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DCCC Invests $1 Million in Oregon Special Election

Democrats Leave Many Guessing About Reasons Behind Influx of Money Into Seemingly Safe Race

A month before voters in Oregon’s 1st district receive their ballots in the all-mail special election, the Democratic Congressional Campaign Committee is spending like it knows something that no one else does.

The DCCC’s willingness to invest more than $1 million for a contest that few from either party believed Republicans had much of a chance to win has left consultants from coast to coast guessing over its motives. Committee spokesmen say the party simply does not want to take any chances in what are routinely unpredictable and odd-timed elections. Oregon Democrats are so far holding firm, basically offering a nothing-to-see-here explanation.

State Sen. Suzanne Bonamici won the Democratic primary convincingly in November and appeared headed for a likely victory against Republican sports franchise consultant Rob Cornilles, who lost to David Wu last year — a strong cycle for Republicans nationwide. But as of Friday, the DCCC had reserved $1,038,105 of TV time through the end of January, including $72,510 in cable, according to a GOP source tracking their buys.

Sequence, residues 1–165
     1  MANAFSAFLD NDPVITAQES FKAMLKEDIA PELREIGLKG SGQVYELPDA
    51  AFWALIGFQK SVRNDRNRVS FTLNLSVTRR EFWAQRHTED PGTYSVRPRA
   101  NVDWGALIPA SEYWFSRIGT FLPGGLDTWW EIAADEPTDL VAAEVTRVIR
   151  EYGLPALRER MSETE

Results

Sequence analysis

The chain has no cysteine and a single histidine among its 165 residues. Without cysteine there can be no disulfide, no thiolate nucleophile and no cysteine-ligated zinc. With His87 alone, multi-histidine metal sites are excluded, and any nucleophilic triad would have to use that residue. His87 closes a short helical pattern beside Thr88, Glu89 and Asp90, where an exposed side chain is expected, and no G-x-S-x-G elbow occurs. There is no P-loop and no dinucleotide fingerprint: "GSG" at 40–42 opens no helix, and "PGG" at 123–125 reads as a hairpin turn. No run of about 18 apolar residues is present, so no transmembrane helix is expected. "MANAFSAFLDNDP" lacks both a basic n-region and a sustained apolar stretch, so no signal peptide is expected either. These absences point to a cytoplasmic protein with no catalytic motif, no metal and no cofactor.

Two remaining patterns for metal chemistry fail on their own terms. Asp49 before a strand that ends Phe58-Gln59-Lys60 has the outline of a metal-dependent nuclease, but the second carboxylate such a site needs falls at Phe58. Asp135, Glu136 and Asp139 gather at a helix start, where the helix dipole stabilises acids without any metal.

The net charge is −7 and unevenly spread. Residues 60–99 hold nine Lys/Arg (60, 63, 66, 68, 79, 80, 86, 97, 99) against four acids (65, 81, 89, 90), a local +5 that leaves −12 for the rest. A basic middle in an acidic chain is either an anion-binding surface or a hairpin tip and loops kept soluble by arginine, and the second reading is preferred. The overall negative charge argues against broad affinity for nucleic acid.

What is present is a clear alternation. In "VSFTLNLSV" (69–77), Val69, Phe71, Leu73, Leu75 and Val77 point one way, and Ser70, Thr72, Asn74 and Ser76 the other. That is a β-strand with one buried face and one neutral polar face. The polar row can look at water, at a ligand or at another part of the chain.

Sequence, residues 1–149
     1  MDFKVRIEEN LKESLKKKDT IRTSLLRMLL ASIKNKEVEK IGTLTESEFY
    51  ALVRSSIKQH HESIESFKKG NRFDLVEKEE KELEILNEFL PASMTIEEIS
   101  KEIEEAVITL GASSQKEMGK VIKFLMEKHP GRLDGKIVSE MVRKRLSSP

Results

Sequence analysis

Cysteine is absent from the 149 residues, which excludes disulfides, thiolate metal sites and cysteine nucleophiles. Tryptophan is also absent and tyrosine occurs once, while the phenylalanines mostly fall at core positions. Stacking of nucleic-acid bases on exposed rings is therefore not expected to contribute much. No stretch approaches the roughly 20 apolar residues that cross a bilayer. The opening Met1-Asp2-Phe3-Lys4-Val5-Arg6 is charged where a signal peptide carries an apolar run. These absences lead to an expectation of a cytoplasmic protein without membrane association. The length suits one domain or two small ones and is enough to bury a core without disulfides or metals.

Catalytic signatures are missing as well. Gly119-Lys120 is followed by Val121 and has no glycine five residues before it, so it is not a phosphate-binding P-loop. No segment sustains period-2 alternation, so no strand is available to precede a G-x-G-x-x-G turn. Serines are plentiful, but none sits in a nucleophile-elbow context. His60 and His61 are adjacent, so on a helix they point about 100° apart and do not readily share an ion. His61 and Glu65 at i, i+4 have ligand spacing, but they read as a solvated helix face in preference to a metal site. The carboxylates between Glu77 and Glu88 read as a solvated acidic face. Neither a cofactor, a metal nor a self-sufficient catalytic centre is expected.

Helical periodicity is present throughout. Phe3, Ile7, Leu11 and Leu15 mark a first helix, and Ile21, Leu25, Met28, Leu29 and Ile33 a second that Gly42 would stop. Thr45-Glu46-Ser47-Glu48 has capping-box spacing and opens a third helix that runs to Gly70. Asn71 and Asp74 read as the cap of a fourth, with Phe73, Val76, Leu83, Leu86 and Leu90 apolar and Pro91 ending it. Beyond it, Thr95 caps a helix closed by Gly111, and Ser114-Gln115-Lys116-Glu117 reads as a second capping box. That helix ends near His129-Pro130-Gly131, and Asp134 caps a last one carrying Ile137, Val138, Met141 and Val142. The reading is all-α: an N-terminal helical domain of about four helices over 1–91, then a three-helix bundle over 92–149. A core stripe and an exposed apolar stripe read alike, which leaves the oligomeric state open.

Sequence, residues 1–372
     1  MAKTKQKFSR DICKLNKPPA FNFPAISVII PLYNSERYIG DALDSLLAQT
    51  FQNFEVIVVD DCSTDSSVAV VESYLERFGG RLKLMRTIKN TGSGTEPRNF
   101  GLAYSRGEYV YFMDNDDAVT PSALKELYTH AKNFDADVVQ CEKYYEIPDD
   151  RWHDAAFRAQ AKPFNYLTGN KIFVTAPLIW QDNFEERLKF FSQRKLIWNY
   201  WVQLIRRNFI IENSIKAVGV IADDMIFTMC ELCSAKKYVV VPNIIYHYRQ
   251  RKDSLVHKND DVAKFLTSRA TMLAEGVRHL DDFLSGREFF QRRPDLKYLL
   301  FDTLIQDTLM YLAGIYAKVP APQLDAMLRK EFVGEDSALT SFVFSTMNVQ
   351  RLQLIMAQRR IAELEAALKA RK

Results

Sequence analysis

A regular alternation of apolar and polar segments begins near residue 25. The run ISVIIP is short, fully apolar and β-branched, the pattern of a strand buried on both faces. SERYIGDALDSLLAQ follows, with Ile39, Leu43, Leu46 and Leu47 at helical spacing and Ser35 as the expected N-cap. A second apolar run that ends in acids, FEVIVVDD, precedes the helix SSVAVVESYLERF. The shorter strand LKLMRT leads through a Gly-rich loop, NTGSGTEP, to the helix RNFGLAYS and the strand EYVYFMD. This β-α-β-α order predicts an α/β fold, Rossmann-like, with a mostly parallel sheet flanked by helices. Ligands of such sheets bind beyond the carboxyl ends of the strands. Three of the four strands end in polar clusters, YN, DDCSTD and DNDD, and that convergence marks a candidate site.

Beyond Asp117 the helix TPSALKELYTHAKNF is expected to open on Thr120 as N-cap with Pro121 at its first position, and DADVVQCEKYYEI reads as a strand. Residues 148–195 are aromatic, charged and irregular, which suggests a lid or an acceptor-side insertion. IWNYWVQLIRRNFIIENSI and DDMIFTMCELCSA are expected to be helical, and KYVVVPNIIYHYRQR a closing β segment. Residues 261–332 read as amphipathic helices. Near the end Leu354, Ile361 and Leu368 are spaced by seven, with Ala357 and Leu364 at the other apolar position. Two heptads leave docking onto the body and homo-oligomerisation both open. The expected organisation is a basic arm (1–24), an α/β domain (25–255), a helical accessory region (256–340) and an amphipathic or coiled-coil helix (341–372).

National Republican Congressional Committee operatives say Cornilles is a strong candidate, but the NRCC has no plans to invest in this race.

One distinction of note is that the DCCC has not expended most of that money yet — it has only reserved the time and can withdraw the pledge at any point in the race. GOP strategists said that the DCCC reserving early locks in a cheaper rate and that this move is likely intended to scare off outside groups.

Mark Wiener, a Bonamici consultant, said he suspects the DCCC’s move is “good preventative maintenance” rather than a red alert that often follows million-dollar buys.

“My feeling is that the DCCC’s investment is more of a taking-care-of-business play,” Wiener said. “It’s not that things are much closer than one would expect at this point; it’s just they want to nail in the advantages that [Bonamici] has vis-a-vis Cornilles before [Karl] Rove, the NRCC and others start dumping money in.”

Bonamici’s ability to self-fund, her support from EMILY’s List, her background as a consumer protection attorney at the Federal Trade Commission, her home base of Washington County — the district’s population hub — and the district’s strong Democratic lean added up to what seemed like a shoo-in winner.

Despite the fact that President Barack Obama won the district with 61 percent in 2008, Democrats there were cautious following the party’s September special election loss in New York’s 9th district. That was the seat of former Rep. Anthony Weiner, who, like Wu, resigned amid a scandal.

Democrats also lost the Republican-leaning Nevada 2nd district in September by 20 points. They won a July special to replace retiring Democratic Rep. Jane Harman by only 10 points in California’s 36th district, which Harman regularly carried with more than 60 percent of the vote.

Jake Weigler, who was a consultant for Bonamici’s primary opponent Brad Avakian, said he thinks the DCCC wants to keep Republican groups out and that it sees “an opportunity to define the race and chalk up a big win to start 2012,” when the party is looking to pick up 25 seats and retake the House majority.

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